When speaking with vendors, the most widely cited risk that can cause a project to fail is a failure to clearly state the objectives.
In many cases the project will be the implementation of a new application or system, where a poor implementation that results in a system that is not optimised, can leave the organisation in a worse position than if it had not put in the new system at all.
While there are other reasons for the failure of a project, such as reluctance on the part of end-users to use the system or inefficient and over-complex processes, if the objectives are not clearly defined and understood by all parties involved in the implementation, then the project cannot succeed.
The first task that should be undertaken when planning an implementation is to define the objectives for the project, to determine what the organisation wants to achieve from the implementation. Defining the objectives is one of the key stages of any implementation and ensuring that they meet the business requirements of the organisation is key to a successful deployment.
Now this may seem an obvious first stage, but from the number of projects that fail for this reason, it is something that not every organisation pays sufficient attention to. The objectives or drivers behind an implementation may be, for example, to improve the efficiency and speed of processes, to add automation into processes, improve the productivity of users, provide better management of processes, for compliance purposes, or to reduce costs.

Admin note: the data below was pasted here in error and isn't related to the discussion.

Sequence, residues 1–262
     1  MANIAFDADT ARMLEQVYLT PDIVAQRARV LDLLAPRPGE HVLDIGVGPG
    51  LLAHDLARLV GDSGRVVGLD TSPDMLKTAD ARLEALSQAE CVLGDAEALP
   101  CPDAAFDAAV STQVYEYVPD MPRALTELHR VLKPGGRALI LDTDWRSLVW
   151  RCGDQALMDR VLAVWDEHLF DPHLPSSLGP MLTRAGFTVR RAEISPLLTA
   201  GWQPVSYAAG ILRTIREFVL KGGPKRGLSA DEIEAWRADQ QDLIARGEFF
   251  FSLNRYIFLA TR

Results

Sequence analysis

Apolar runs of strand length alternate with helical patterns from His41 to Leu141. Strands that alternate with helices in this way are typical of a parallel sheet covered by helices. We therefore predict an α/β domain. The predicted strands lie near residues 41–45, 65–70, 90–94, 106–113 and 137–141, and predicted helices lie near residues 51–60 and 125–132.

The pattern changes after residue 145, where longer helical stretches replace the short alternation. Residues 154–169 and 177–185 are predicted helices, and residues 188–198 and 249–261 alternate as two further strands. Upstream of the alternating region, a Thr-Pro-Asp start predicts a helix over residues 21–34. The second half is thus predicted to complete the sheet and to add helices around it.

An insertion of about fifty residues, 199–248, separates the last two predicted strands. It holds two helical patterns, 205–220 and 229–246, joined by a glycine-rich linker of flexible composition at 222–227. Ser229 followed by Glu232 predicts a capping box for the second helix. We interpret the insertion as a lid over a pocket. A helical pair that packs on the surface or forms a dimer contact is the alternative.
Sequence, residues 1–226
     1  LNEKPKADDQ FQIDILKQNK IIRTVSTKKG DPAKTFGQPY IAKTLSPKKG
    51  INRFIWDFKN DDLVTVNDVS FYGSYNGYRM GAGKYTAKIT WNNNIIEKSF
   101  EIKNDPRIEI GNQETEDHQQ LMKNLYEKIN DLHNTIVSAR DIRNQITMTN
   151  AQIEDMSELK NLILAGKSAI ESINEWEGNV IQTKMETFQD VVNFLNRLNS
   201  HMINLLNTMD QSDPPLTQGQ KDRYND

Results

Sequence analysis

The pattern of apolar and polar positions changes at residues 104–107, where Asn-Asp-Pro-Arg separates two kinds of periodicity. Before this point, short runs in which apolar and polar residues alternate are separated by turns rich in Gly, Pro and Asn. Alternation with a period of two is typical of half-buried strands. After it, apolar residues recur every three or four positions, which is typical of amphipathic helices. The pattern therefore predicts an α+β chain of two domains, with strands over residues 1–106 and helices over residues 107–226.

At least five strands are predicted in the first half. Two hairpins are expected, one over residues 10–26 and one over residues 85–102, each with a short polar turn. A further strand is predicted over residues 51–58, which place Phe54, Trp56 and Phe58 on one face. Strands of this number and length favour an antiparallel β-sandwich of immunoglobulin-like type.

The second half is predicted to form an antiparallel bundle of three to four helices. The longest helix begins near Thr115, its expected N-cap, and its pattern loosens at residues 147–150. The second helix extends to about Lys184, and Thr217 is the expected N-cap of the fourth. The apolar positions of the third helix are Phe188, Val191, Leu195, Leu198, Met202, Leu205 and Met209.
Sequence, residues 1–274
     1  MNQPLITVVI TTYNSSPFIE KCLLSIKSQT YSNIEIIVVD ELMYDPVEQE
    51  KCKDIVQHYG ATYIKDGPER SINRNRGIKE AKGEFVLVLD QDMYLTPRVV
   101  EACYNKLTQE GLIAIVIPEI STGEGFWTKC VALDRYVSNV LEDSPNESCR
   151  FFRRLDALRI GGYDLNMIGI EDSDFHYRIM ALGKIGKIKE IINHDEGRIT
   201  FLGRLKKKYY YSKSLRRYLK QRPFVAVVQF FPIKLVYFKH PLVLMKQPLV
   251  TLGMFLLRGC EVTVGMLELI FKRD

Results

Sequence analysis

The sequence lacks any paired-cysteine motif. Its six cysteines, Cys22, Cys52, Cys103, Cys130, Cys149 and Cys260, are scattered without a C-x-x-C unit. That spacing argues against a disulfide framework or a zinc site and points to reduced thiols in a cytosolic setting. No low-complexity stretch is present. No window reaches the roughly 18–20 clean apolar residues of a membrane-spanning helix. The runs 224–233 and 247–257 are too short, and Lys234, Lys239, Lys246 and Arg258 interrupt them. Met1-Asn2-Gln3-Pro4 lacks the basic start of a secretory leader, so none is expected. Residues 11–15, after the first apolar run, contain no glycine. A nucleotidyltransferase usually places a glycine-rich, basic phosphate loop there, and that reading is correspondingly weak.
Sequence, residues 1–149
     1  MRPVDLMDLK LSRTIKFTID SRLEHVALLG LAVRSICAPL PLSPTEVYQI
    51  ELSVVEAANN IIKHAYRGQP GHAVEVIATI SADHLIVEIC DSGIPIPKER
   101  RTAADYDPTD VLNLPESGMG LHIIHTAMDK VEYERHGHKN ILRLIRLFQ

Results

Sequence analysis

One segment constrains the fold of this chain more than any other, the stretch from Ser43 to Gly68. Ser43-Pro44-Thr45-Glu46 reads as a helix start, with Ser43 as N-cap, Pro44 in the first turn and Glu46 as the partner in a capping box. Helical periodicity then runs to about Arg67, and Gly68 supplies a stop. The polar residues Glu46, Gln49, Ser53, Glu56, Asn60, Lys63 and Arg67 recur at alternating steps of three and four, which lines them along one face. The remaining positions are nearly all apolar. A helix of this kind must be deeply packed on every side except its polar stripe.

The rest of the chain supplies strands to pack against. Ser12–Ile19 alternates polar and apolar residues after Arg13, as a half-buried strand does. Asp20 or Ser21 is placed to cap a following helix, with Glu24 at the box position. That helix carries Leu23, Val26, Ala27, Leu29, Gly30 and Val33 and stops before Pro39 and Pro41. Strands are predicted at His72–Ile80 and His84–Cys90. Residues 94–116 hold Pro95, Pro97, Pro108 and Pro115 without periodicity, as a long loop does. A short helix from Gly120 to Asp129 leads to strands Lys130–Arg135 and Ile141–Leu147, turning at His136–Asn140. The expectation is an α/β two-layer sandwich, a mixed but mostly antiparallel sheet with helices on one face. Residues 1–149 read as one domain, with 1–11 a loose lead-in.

Consultation should also be undertaken to discover what each line-of-business requires from the system in order to help define the objectives.
This will also help to promote user buy-in to the project. These objectives should then be referred to throughout the implementation and once the system is up and running to ensure that they continue to be met.
However, it is not just the organisation itself that must understand the objectives. Many implementations require the help of services from an external party, and it is imperative that these personnel also fully understand and are able to deliver the objectives.
A failure to do this could be a costly mistake, as another cause of failure in implementation is selecting the wrong partner, who is unable to implement the solution in a way that meets the objectives of the organisation.
Far too many projects fail, or at least are not as successful as they should be, because organisations do not pay sufficient attention to deciding what they wish to achieve from the implementation.
At the end of the day it is all in the detail, and if the detail is not right then the organisation will make a very expensive mistake, which in some cases has caused companies to fail. A little bit of extra time and attention at the beginning of a project can save a lot of time, effort, and cost at the end.